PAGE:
National Geographic News
A fresh new face has moved into our neighborhood, but once this green-colored comet swings by Earth tonight, it may never come back (picture of green comet Lulin).
Comet Lulin is currently sailing through the inner solar system and is getting closer to our home planet, with its nearest approach expected on February 24.
Although it's hard to glimpse with the naked eye, the comet "should be a fairly easy object [to see using] modest amateur telescopes or even binoculars," said Don Yeomans, a comet expert at NASA's Jet Propulsion Laboratory in Pasadena, California.
Astronomer Mark Hammergren of Chicago's Adler Planetarium added that the icy body has the potential to do something unexpected.
Comet Lulin is arriving from the far reaches of the solar system on a nearly parabolic orbit—"it's almost as if it comes from infinity and goes back out to infinity," he said. (Explore an interactive solar system.)
This means Lulin could be on its first pass by the sun, so the comet should still be encrusted in "fresh" ices preserved by the freezing environment of the outer solar system, Hammergren said.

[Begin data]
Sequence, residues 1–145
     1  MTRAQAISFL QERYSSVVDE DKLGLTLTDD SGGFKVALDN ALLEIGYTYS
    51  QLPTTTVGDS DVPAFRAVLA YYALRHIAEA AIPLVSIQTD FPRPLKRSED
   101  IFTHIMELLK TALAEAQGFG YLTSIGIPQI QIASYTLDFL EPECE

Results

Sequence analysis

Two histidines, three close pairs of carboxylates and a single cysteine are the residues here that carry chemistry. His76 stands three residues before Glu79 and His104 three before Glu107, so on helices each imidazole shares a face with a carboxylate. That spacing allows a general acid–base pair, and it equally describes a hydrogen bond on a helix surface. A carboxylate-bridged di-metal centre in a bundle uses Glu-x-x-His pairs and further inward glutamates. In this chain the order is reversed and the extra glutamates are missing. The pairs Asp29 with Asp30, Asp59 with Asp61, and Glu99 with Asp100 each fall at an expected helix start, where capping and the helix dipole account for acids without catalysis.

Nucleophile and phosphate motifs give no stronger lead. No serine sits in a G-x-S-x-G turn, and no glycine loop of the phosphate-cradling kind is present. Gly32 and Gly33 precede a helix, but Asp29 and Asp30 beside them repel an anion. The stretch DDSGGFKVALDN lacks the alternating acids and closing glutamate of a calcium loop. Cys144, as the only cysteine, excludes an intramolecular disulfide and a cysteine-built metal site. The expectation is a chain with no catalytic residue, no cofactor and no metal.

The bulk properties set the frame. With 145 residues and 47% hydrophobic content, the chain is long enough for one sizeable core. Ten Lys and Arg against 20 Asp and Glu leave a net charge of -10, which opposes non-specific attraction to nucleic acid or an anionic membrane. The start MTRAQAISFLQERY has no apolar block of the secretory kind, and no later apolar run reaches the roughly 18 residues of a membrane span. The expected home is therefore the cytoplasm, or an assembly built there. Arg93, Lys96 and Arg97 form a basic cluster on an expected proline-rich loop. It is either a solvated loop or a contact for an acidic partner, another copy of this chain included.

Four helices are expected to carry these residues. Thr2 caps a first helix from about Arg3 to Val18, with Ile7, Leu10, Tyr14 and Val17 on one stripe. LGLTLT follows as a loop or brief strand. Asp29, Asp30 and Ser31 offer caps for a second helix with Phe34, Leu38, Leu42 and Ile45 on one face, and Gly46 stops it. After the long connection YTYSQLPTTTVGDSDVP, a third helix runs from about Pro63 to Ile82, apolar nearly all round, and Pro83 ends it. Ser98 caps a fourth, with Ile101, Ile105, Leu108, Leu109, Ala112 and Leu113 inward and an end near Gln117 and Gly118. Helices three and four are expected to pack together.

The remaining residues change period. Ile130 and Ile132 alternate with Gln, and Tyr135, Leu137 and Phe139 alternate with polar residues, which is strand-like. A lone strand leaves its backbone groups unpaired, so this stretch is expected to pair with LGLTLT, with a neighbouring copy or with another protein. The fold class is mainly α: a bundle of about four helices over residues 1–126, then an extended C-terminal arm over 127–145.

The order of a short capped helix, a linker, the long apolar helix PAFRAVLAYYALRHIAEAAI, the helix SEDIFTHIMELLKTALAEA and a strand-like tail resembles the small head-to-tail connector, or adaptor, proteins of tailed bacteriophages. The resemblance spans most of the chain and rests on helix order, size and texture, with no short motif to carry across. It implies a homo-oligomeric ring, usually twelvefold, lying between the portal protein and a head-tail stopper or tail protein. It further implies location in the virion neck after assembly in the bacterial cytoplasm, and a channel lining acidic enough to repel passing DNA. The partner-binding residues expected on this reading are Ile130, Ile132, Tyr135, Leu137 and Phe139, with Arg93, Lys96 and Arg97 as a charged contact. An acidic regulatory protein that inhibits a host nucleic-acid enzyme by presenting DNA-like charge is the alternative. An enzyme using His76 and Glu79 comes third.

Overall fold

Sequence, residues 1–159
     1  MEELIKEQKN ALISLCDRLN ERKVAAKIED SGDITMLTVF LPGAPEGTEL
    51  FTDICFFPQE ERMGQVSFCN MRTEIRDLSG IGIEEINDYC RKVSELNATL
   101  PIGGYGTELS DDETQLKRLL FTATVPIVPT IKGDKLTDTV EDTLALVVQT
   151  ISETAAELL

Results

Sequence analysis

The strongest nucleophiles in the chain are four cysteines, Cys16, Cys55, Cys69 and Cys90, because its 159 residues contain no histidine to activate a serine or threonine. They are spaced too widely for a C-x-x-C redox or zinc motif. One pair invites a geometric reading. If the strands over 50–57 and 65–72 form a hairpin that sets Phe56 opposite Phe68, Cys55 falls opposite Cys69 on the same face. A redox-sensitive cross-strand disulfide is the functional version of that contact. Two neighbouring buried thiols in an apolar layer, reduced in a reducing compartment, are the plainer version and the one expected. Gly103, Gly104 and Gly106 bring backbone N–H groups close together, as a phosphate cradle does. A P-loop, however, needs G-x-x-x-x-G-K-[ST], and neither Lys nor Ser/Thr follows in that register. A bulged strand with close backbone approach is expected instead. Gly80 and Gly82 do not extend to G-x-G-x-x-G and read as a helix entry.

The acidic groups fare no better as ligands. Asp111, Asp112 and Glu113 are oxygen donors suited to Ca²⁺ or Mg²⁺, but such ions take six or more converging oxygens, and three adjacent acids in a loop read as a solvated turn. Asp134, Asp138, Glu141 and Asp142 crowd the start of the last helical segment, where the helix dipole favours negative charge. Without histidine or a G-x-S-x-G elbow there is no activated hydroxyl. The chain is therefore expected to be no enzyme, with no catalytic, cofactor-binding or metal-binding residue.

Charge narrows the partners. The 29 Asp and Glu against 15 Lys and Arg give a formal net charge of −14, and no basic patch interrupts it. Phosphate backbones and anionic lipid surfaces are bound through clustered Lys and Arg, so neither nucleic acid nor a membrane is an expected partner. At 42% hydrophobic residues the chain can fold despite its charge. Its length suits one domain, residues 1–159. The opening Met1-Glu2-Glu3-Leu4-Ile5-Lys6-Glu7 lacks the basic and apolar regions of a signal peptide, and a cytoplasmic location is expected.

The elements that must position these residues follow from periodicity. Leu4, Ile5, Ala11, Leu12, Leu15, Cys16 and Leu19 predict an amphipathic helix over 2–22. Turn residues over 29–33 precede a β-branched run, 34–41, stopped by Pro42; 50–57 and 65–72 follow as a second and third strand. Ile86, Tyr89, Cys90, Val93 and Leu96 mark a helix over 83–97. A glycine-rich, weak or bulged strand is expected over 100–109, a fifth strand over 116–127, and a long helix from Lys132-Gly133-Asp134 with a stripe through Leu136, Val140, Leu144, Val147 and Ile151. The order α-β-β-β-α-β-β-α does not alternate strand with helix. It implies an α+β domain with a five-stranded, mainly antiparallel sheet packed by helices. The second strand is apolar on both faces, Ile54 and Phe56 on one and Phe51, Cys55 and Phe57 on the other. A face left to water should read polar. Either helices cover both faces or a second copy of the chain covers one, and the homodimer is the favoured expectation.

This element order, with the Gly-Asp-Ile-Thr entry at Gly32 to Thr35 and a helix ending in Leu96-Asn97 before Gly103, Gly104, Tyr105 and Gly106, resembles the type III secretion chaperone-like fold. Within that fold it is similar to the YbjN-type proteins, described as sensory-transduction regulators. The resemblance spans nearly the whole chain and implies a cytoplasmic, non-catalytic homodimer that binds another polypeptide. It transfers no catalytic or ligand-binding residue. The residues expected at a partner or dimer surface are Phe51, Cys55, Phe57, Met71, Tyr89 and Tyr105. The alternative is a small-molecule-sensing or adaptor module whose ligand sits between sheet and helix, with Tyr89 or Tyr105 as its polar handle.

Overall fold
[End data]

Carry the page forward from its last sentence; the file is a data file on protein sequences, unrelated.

As Lulin is exposed to the sun's heat for the first time, those ices are vaporizing—activity that could cause the comet to brighten rapidly or even break apart. Even now the comet is spewing cyanogen and diatomic carbon, both gases that glow green in sunlight out in the vacuum of space.
What's more, the comet's orbit is in nearly the same plane as Earth's, but the comet is traveling in the opposite direction. This causes Lulin to appear to move unusually fast and display a rare anti-tail—an optical effect that creates a secondary "tail" pointing toward the sun.
Green Comet Fuzz Ball
Quanzhi Ye, a student at China's Sun Yat-sen University, found comet Lulin in 2007 while examining images from the Lulin Observatory in Taiwan as part of an asteroid survey.
Lulin made its closest approach to the sun on January 10, 2009, and has since been getting brighter in the morning sky.
Tonight the comet will pass nearest to Earth—about 38 million miles (61 million kilometers) away—and will reach peak brightness and fastest apparent speed.
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